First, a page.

To discount or not to discount
Even if it feels awkward to charge friends, we should do so if we cannot decline treating them. Yet, what about a discount? Friends may expect to be treated, at least, at a discount? And for other clients, should we not offer incentives, such as discounts, to attract new clients? From my experience with a different professional hat on, in the tourism industry, I would say: Do never give a discount! Have your pricing scheme and stick to it! Giving a discount makes people think you desperately need their money, and this changes the dynamic. People start disrespecting boundaries, because they think you need them and their money. Giving a discount signals that you want to keep the client, this equates for many, that you are ‘needing‘ them as client. It’s very simple: We are offering a service for which we should get paid our fixed prices. Full-stop!.
Keep it in the treatment room
Finally, what should we do when bumping into a patient on the school run, or at the grocers, and they start talking ‘case’? We gave this patient an appointment and they received their treatment, we got paid. We are not indebted to this patient… just because they paid once. Keep those boundaries! Tell them to call during working hours, or, if need be, to schedule an appointment… and… charge for it!; … maybe not if the question is minor, like “what time to best take the remedy” or another ‘generalized’ question, but certainly for questions that require you to get your notes and consult the books!
On another note
‘Boundaries’ is also why I am not too keen to be working in my home! That environment is not neutral. I have in the past found this to disturb the patient/practitioner dynamic. The patients see how I live, question things they may see, and ‘know’ things about my environment and consequently about me. At one time, before my homeopathic career, a person being round to the house had seen a foreign bank-note pinned to a board in the entrance. I had at the time received this for a friends currency collector son, from a far travelled friend. Not worth more than a few pennies… but the ‘talk across town‘, by the next morning, was that I must be rich as ****, because in my place the walls were ‘wallpapered’ with bank-notes. What shall I say… I’d like to avoid situations that potentially could arouse misunderstandings with patients, and definitely such misapprehensions that have nothing to do with my work!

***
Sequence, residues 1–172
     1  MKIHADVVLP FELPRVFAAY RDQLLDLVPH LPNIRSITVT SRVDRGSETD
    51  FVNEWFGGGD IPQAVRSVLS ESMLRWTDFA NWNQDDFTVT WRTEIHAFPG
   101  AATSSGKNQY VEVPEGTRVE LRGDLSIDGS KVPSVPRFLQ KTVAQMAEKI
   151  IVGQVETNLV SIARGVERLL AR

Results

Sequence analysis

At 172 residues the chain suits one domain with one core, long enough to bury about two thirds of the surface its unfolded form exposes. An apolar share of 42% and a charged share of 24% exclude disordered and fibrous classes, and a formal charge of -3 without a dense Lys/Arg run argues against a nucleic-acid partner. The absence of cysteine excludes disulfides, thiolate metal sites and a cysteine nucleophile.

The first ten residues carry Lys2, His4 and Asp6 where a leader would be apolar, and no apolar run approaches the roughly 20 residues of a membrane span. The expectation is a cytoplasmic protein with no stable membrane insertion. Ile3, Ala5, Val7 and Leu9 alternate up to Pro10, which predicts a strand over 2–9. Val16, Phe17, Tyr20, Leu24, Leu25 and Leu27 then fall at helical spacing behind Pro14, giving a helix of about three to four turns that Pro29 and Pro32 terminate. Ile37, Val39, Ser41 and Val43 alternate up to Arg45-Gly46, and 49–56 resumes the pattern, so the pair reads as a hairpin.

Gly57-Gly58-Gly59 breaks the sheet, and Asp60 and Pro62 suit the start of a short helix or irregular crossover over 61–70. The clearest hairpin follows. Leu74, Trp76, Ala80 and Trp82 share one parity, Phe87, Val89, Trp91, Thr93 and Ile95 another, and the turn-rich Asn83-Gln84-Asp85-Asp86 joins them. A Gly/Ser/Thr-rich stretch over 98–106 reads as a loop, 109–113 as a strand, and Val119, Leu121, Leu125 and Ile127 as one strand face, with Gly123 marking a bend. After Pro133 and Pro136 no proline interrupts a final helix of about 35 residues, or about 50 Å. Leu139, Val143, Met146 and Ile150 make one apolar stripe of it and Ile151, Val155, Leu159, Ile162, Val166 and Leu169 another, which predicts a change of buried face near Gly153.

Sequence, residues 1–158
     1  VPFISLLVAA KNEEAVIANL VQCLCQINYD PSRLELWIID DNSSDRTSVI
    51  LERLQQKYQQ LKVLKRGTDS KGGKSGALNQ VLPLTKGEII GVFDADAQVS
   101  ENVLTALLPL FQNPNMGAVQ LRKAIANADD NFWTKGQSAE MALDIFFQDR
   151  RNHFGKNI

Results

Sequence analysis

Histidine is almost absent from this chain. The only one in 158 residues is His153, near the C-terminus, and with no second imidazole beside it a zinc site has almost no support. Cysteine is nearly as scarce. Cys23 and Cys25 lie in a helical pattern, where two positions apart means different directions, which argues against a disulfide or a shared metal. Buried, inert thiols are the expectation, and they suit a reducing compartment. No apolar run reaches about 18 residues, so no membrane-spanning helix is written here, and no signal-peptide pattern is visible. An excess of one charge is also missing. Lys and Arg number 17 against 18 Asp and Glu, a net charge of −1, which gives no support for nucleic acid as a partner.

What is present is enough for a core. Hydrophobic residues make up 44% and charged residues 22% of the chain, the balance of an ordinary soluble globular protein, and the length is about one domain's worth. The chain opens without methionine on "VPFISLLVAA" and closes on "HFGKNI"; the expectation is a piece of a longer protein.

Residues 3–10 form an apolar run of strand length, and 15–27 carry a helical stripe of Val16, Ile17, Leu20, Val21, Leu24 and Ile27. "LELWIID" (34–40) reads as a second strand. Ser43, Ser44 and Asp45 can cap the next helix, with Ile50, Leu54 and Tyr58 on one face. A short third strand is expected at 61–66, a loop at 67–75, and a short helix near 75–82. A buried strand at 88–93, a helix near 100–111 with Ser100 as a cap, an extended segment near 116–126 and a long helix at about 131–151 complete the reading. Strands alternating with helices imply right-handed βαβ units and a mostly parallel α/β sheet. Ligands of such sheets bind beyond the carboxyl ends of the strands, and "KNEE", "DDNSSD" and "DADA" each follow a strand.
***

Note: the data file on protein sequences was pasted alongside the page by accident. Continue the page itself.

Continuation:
I agree with the above mentioned article Why friends don’t pay and clients can’t be “friends” We are service providers! There is a distance, has to be a distance, between us and our clients! I know that in practice this is at times very difficult to exercise. Maintaining a distance while being in a therapeutic relationship is not easy, and boundaries can occasionally get blurred. Yet, cases need to be managed, and patients need to get managed! Successful management keeps us and our practice healthy! Mutual respect and boundaries are key elements, and the maintenance of a payment scheme, and sticking to it, can help build a clientele, and a striving homeopathic practice! It is our quality that attracts clients, not the discount! Stick to it!